Chaosmosis: Assigning Rhythm to the Turbulent
Chaosmosis: Assigning Rhythm to the Turbulent is an art exhibition inspired by fluid dynamics, a discipline that describes the flow of liquids and gases. The exhibition draws from past submissions to the American Physical Society’s Gallery of Fluid Motion, an annual program that serves as a visual record of the aesthetic and science of contemporary fluid dynamics. For the first time, a selection of these past submissions has been curated into an educational art exhibition to engage viewers’ senses.
The creators of these works, which range from photography and video to sculpture and sound, are scientists and artists. Their work enables us to see the invisible and understand the ever-moving elements surrounding and affecting us. Contributors to the exhibition include artists Rafael Lozano-Hemmer and Roman De Giuli, along with physicists Georgios Matheou, Alessandro Ceci, Philippe Bourrianne, Manouk Abkarian, Howard Stone, Christopher Clifford, Devesh Ranjan, Virgile Thievenaz, Yahya Modarres-Sadeghi, Alvaro Marin, Christophe Almarcha, Bruno Denet, Emmanuel Villermaux, Arpit Mishra, and Paul Branson.
Magnified frozen water droplets resemble shattered glass in a series of photographs. A video simulation depicts the confined friction occurring within a pipe with flowing liquid. In other works, the fluid motions portrayed are produced by human bodies: a video sheds light on the airflow of an opera singer while singing, and a 3D-printed sculpture reveals the flow of human breath using sound from the first dated recording of human speech. Gases and liquids are in constant motion, advancing in seemingly chaotic ways, yet the works offer a closer look, revealing elegant and poetic patterns amid atmospheric turbulence.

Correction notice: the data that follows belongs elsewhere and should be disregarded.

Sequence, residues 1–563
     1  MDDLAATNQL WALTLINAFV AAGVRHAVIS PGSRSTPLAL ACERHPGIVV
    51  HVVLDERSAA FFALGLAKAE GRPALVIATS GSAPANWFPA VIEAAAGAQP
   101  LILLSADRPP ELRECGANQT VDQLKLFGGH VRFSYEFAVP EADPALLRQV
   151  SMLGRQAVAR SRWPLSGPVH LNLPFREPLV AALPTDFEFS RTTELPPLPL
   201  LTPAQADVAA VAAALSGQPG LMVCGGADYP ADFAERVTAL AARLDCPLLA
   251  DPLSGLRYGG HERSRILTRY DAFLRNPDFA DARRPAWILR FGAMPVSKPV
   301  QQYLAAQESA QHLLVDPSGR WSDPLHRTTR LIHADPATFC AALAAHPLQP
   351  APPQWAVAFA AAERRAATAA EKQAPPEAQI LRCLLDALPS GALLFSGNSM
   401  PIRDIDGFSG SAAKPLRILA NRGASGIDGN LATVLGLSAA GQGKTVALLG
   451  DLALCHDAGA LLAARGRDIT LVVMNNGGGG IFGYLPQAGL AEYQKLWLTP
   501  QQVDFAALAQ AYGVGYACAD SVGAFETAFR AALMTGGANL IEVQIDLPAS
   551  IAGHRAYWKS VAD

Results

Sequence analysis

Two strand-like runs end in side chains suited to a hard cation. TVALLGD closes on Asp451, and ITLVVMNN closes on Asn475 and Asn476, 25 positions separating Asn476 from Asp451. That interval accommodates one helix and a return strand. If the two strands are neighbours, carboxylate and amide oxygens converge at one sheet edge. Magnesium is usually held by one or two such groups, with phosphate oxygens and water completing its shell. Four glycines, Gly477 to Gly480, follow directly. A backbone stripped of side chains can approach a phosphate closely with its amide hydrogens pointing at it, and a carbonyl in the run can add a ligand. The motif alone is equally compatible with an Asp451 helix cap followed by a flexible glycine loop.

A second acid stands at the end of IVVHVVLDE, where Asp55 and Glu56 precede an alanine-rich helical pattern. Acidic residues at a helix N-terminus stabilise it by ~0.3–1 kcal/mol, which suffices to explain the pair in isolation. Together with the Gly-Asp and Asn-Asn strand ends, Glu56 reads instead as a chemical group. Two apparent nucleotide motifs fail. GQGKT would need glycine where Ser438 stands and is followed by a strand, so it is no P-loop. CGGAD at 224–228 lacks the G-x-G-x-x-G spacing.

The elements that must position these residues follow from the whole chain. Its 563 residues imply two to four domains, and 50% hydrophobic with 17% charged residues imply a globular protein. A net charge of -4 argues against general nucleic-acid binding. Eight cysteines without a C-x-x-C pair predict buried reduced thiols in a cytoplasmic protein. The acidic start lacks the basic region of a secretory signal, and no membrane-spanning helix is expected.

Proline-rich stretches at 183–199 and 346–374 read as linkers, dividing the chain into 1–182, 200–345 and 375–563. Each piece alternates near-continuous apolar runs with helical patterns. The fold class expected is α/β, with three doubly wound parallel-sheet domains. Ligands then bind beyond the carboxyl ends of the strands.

The term chaosmosis, coined by the philosopher Félix Guattari in the 1990s, conveys the idea of transforming chaos into complexity. It assigns rhythm to the turbulent, linking breathing with the subjective perception of time, and concluding that respiration is what unites us all.
Christophe Almarcha, Joel Quinard, Bruno Denet, Jean-Marie Laugier, and Emmanuel Villermaux, Experimental Two-Dimensional Cellular Flames, 2014, laser print on fabric, 84 x 46 inches.
Arpit Mishra, Claire Bourquard, Arnab Roy, Rajaram Lakkaraju, Outi Supponen, and Parthasarathi Ghosh, Flow-Focusing from Interacting Cavitation Bubbles, 2021, laser print on fabric, 84 x 48.5 inches.
Chaosmosis runs from October 2, 2023, through February 23, 2024, at the National Academy of Sciences building in Washington, DC. The exhibition is curated by Natalia Almonte and Nicole Economides in coordination with Azar Panah and the American Physical Society’s Division of Fluid Dynamics.